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Northeastern. As much as I like Northwestern, certainly not worth the difference, as is pretty much no school. Boston is a great city for college and Northeastern’s coop program is well known. As has been said, getting a scholarship there is certainly no failure. You will get a great job with a CS degree, especially from Northeastern. Will you stare at the diploma on the wall and think, “Man am I glad I paid an extra $120K or another $665/month for 20 years by going to Northwestern!” or will you save all that cash and still get a great job by going to Northeastern?

Life will be a series of these decisions. Where you live, car you drive, if and who you marry, profession you follow, etc. Making the right decision, being comfortable with your decisions, and not caring what others think is the key to a bright future.

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Do you actually have a choice ?

My understanding is that you have only been offered admission to Northeastern; is this correct ?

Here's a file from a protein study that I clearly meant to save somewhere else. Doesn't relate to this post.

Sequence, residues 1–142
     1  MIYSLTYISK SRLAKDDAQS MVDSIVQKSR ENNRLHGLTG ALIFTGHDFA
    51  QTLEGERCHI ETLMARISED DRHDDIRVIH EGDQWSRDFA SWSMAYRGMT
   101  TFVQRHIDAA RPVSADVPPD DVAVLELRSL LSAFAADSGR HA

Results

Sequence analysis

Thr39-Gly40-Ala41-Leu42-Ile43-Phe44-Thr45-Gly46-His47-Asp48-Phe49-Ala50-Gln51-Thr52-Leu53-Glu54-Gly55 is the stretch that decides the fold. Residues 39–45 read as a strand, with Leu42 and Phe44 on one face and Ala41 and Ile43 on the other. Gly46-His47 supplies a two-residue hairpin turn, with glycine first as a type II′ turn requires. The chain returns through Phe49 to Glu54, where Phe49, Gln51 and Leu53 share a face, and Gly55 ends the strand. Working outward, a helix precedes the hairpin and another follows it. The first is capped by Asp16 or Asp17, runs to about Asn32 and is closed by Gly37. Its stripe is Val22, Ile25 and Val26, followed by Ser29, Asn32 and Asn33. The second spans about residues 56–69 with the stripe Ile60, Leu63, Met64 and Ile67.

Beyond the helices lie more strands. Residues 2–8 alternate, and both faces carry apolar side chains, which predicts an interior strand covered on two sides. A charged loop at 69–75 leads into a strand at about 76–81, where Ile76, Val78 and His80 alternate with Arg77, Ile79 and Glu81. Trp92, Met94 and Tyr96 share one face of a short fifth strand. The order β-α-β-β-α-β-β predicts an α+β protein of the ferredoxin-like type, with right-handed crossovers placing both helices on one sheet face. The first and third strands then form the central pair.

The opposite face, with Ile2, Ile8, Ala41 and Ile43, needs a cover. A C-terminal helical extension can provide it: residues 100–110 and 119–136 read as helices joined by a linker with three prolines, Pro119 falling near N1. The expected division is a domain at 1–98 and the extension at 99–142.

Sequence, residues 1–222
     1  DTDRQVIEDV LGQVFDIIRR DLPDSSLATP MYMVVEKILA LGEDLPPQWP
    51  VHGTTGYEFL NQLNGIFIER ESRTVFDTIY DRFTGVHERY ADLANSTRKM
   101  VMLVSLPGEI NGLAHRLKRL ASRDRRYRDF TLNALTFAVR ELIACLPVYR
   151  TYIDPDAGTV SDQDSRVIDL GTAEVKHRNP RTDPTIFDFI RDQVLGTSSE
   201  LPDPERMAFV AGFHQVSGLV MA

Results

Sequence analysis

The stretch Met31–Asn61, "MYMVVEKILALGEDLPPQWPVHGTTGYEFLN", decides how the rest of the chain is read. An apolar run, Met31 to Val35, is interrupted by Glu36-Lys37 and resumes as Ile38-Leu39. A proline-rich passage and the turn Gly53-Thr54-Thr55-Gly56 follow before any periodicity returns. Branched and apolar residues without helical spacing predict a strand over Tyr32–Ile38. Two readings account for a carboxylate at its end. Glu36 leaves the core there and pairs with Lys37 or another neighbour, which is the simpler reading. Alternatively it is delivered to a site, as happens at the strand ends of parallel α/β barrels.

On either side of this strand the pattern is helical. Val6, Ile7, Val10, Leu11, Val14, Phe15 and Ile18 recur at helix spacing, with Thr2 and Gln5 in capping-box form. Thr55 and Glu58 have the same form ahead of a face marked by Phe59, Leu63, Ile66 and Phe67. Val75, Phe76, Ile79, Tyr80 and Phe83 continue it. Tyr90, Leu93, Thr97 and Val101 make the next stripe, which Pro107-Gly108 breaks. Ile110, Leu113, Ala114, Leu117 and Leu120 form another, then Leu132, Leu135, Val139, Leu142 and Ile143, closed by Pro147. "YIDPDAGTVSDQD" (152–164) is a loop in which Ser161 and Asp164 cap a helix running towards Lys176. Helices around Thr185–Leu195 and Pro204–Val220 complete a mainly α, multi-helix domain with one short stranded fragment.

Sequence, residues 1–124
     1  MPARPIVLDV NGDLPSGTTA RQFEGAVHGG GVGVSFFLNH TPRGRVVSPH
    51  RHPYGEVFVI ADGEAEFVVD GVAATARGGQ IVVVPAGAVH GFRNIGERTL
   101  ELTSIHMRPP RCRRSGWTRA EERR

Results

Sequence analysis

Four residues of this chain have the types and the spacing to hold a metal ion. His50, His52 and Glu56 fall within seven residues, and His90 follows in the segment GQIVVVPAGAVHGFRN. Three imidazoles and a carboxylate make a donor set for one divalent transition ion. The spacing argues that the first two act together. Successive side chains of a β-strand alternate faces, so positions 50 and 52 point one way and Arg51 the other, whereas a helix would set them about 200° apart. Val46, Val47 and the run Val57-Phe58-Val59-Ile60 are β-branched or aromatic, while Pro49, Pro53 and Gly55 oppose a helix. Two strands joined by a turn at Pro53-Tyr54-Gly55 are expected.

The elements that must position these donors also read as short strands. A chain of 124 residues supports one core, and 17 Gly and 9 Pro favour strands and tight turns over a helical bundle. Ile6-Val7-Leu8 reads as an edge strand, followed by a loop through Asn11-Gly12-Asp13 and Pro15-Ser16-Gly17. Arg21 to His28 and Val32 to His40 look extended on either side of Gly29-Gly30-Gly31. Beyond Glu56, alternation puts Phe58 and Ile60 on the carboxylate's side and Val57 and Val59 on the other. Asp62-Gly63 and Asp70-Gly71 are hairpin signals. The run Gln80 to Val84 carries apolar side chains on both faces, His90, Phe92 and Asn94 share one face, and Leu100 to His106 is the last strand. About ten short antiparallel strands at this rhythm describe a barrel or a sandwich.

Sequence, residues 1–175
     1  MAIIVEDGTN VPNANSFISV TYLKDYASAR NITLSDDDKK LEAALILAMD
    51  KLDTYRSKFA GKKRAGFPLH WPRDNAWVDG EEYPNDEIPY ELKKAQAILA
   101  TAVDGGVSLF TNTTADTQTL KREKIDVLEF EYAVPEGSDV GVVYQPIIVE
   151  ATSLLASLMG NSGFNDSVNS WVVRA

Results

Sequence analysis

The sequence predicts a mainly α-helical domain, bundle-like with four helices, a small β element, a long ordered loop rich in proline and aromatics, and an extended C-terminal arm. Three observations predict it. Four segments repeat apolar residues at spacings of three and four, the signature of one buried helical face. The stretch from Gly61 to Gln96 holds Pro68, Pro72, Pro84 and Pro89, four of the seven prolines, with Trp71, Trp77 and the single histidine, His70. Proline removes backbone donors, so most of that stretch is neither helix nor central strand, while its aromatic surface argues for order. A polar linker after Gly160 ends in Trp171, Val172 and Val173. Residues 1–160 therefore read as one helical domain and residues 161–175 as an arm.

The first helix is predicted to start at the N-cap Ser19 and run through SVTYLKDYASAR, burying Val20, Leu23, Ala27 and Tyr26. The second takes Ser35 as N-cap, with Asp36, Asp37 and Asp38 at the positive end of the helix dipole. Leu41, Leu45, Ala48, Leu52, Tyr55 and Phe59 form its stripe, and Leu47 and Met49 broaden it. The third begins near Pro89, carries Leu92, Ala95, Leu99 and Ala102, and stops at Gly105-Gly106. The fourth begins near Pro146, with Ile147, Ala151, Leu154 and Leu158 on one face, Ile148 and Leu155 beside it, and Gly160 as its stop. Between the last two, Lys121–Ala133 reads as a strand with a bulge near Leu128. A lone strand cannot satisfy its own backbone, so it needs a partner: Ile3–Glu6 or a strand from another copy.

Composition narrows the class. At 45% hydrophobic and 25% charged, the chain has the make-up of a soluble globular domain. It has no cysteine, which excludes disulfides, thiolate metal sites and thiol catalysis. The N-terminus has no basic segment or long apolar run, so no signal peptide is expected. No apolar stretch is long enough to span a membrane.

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@Mando99 Agree with all the rest of the comments…Northeastern is the logical choice here. I will also add that unlike Northeastern, Northwestern has done a pretty miserable job dealing with covid and the parents page is filled with many very unhappy and frustrated parents. There is definitely a looming concern about how committed they are to holding in person classes in the fall.

Also, can you clarify when you got off the Northwestern waitlist, and what your college would be there? You are the first person I have heard that got off the waitlist - congratulations!

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It sounds like OP has not been accepted to Northwestern (yet). They are just on the waitlist, waiting.

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Thanks…misread the original post. I have one at Northwestern and one on the Northwestern waitlist and am not optimistic. Sounds like the list is very long. We are happily moving forward with the school where my D21 has committed. OP…get excited about Northeastern! Its a wonderful option!

Northeastern is a great school that has become very selective in recent years. I am from Boston and it is very well-respected. If you are doing CS the coop will be useful and there is plenty of tech in this area- Cambridge and Seaport especially. You will have a great experience and no debt. I wouldn’t have any trouble with this decision, but that’s me.

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If you want to choose a college to prove to yourself that you’re smart, choose the smart choice…Northeastern and the freedom to graduate without a loathsome burden tying you down.